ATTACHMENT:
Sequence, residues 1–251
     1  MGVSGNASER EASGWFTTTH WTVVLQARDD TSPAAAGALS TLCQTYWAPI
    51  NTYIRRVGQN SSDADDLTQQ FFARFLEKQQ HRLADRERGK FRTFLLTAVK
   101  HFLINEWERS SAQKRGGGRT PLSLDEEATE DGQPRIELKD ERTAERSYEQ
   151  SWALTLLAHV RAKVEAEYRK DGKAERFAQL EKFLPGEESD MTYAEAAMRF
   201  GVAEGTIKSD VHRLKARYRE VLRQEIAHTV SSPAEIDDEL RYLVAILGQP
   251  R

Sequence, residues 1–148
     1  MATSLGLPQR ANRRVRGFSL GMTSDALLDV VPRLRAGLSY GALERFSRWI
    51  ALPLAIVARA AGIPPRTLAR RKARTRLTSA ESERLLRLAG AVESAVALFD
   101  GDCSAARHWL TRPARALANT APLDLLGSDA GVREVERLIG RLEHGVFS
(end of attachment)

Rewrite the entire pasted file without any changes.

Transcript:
Sequence, residues 1–251
     1  MGVSGNASER EASGWFTTTH WTVVLQARDD TSPAAAGALS TLCQTYWAPI
    51  NTYIRRVGQN SSDADDLTQQ FFARFLEKQQ HRLADRERGK FRTFLLTAVK
   101  HFLINEWERS SAQKRGGGRT PLSLDEEATE DGQPRIELKD ERTAERSYEQ
   151  SWALTLLAHV RAKVEAEYRK DGKAERFAQL EKFLPGEESD MTYAEAAMRF
   201  GVAEGTIKSD VHRLKARYRE VLRQEIAHTV SSPAEIDDEL RYLVAILGQP
   251  R

Sequence, residues 1–148
     1  MATSLGLPQR ANRRVRGFSL GMTSDALLDV VPRLRAGLSY GALERFSRWI
    51  ALPLAIVARA AGIPPRTLAR RKARTRLTSA ESERLLRLAG AVESAVALFD
   101  GDCSAARHWL TRPARALANT APLDLLGSDA GVREVERLIG RLEHGVFS